Prominent Tech figures give advice to freshmen


MEET…THE MAN WHO RUNS THE PLACE: Institute President G. P. “Bud” Peterson

Holding a doctoral degree in mechanical engineering and a bachelor’s degree in mathematics, Peterson has been president at Tech since April 2009.

Before that, he held top academic and administrative positions at the University of Colorado at Boulder, Rensselaer Polytechnic Institute and Texas A&M University. Peterson has also served on the National Science Board (the scientific advisors to the President and Congress) since 2008.

As a scientist and engineer, Peterson has authored or co-authored over 300 written works and holds eight patents.

“I met my wife Val my freshman year—best thing that ever happened to me. Other than that, I think my freshman year gave me confidence. I was able to do some things that I had never tried before, and I found that I could actually do them,” Peterson said regarding his own freshman year at Kansas St.


Since the 1980s, Buzz has been promoted from a particularly enthusiastic yellow-clad cheerleader to an icon on campus. Buzz appears in person at games, is printed on official Tech documents and promotions and the name is attached to the ubiquitous BuzzCard.

Though Buzz is technically a cheerleader, he or she must be one of the most physically fit on the team. Besides typical cheering and running around in a stifling costume, Buzz does a push-up for every Tech point at football games – fortunately, this was long after the Cumberland game.

Buzz has placed first and second in various national mascot challenges if not just for general excellence then for active public displays.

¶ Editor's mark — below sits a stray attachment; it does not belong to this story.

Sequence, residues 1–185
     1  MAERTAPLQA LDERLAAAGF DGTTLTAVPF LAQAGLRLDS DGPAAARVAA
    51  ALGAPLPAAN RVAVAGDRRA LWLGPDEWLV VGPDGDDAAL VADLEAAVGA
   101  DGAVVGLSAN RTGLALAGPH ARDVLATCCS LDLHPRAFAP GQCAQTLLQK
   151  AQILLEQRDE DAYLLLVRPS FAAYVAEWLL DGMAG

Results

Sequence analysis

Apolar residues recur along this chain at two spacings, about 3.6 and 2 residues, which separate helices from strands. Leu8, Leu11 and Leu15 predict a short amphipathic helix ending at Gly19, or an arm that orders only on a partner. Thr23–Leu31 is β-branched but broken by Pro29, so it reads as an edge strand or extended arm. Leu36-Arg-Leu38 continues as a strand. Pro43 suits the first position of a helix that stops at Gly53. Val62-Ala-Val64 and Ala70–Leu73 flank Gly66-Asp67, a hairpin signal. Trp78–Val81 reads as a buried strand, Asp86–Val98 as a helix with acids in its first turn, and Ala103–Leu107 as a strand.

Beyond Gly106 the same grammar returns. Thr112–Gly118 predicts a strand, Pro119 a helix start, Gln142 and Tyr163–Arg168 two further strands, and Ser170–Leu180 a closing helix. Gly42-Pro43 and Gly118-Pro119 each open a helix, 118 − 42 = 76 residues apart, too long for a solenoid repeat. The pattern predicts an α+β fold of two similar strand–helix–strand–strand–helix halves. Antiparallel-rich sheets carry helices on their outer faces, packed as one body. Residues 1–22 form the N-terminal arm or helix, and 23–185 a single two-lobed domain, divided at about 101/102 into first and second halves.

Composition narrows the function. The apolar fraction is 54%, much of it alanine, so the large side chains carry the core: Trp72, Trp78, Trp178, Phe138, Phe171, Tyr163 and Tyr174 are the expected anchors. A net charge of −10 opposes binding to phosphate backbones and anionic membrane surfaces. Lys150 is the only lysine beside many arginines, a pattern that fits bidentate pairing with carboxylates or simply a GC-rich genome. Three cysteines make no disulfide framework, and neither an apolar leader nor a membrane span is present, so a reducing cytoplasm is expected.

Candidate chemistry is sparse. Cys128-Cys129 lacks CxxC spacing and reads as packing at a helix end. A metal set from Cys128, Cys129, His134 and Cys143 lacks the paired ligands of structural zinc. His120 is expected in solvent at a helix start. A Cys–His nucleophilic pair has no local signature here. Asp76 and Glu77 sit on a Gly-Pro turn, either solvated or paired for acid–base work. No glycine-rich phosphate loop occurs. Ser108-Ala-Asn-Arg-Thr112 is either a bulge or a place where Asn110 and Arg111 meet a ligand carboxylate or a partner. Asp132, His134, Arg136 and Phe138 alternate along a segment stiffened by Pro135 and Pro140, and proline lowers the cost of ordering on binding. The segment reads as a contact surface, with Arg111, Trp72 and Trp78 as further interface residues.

In a 1999 game against Duke, Buzz defended himself against the Blue Devil—armed with a giant flyswatter—by beating him with his own weapon and then breaking it in front of the mortified Duke fans.


In the 1920s, Tech mistakenly issued then-freshman William Smith two admission applications; Smith saw this as an opportunity, and both he and his fictional George P. Burdell applied. Both were admitted, registered for classes and graduated in the class of 1930. Smith and his fellow conspirators then revealed the prank, much to the chagrin of the administration; however, the students had already adopted George, and he continued to earn his master’s degree.

Burdell continued his career in the armed forces, appearing on plane, ship and submarine rosters, and articles abound in Atlanta publications bear his name on the byline. One of Burdell’s most recent achievements was garnering the most votes in Time Magazine’s 2001 Person of the Year; naturally, Time caught on and foiled the plot.

Still, Burdell lives on as the official Tech alias and having the campus general store in the Student Center named after him.


Since becoming Athletic Director in 2006, Radakovich has seen one of the most successful sports campaigns in Tech’s history: a combined win-loss record of 213-80 for the Yellow Jackets’ teams.

After joining Tech, he started the Athletic Director’s Initiative Fund, now worth more than $12 million and dedicated to go beyond normal budgetary expenditures on special projects.

From his experiences as a freshman at the Indiana University of Pennsylvania, he offers this advice to the next Tech class.

“I wished I had used the resources more that were available to me when I was first starting college. They were all around me but I tried to do too much on my own. I have since gotten a bit smarter and learned to take advantage of the all the resources available [to me] to make better and more effective choices,” Radakovich said.